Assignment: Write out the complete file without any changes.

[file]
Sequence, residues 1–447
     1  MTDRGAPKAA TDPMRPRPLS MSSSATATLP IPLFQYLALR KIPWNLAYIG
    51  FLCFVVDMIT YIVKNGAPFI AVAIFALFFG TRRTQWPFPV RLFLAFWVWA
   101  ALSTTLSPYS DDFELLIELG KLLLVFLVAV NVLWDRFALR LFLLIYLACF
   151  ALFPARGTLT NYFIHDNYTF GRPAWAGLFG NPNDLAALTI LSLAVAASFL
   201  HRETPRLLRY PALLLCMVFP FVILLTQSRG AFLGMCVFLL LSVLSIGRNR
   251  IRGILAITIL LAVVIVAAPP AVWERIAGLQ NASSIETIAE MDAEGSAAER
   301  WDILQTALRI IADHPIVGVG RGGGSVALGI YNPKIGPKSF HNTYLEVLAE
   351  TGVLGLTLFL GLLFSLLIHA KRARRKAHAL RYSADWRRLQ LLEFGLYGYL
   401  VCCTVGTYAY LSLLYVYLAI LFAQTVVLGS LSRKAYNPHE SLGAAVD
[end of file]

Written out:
Sequence, residues 1–447
     1  MTDRGAPKAA TDPMRPRPLS MSSSATATLP IPLFQYLALR KIPWNLAYIG
    51  FLCFVVDMIT YIVKNGAPFI AVAIFALFFG TRRTQWPFPV RLFLAFWVWA
   101  ALSTTLSPYS DDFELLIELG KLLLVFLVAV NVLWDRFALR LFLLIYLACF
   151  ALFPARGTLT NYFIHDNYTF GRPAWAGLFG NPNDLAALTI LSLAVAASFL
   201  HRETPRLLRY PALLLCMVFP FVILLTQSRG AFLGMCVFLL LSVLSIGRNR
   251  IRGILAITIL LAVVIVAAPP AVWERIAGLQ NASSIETIAE MDAEGSAAER
   301  WDILQTALRI IADHPIVGVG RGGGSVALGI YNPKIGPKSF HNTYLEVLAE
   351  TGVLGLTLFL GLLFSLLIHA KRARRKAHAL RYSADWRRLQ LLEFGLYGYL
   401  VCCTVGTYAY LSLLYVYLAI LFAQTVVLGS LSRKAYNPHE SLGAAVD